Ted didn't join the cast of Happy Days until the hit comedy's eighth season.  Ron Howard, who played Richie Cunningham, had left the show in order to pursue a directing career and a new character was needed to help fill the void left by Richie's departure.to join the army.  

In a 2012 interview with Will Harris for AV Club, Ted explained why he was chosen to play Roger Phillips.  He said the following: "Well, they were looking for an all-American straight guy to play against the Fonz . . . 'straight guy meaning to help set up jokes."

Ted made his Happy Days debut as Roger Phillips in an episode entitled "Hello, Roger" (Season 8, Episode 4, Air Date: December 2, 1980).  In the episode Roger, Marion Cunningham's nephew, comes to Milwaukee to start a new life.  Clean-cut Roger finds work as a teacher and basketball coach at Jefferson High School in the city.

In his AV Club interview, Ted described his acting in his  Happy Days debut as "horrible."  He said it had to have been "taxing:" for Henry Winkler and the rest of the cast because "I didn't even know what comedy was, really, I didn't know the rhythms, the timing or any of that.  But that was a pretty good place to learn."

Below is a photo of Ted McGinley as coach Roger Phillips on Happy Days.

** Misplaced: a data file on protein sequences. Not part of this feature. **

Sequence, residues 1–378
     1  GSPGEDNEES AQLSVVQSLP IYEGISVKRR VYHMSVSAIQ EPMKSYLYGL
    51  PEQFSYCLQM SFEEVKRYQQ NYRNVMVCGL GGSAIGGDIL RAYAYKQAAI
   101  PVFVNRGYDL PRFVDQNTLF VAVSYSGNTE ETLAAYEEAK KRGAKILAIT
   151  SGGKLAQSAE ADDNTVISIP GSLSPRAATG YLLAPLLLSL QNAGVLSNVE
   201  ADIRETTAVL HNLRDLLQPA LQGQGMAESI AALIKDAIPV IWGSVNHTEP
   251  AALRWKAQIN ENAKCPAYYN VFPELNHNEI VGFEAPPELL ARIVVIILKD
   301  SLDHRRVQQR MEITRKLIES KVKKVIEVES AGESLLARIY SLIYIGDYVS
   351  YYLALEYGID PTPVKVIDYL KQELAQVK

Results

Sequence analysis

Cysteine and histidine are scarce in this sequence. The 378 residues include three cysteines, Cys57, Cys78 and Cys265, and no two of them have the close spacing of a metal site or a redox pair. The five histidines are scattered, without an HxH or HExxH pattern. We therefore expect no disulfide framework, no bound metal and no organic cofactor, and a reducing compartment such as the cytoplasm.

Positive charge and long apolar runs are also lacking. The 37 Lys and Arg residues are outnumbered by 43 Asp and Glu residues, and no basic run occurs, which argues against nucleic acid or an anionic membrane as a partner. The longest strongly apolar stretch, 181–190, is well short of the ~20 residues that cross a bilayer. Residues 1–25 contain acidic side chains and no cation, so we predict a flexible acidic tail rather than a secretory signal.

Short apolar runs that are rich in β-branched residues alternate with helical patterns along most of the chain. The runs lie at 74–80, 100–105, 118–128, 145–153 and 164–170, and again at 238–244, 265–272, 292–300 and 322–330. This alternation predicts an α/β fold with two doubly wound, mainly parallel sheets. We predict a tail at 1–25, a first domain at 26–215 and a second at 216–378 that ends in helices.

During the eighth and nineth seasons of Happy Days, Roger became a recuring character on Happy Days.  By Season 10, he was a major character and Ted McGinley remained with the show until its 11th and final season.  

After Happy Days finished its run in 1984, Ted became a regular on The Love Boat,  playing Ashley "Ace" Covington Evans, the ship's photographer and later, a purser on the vessel.  The series ended its run in 1987.  

From 1986 to 1987, Ted portrayed Clay Fallmont in 34 episodes of the primetime soap Dynasty.  Fallmont was a wealthy young businessman from a family of politicians.  His father was a senator.

In 1989, Ted began playing the role of Jefferson D'Arcy, the second husband of Marcy Rhoades (Amanda Bearse) on the Fox network's hit comedy Married . . .with Children.  Jefferson was lazy and self-centred.  He married Marcy for the economic benefits.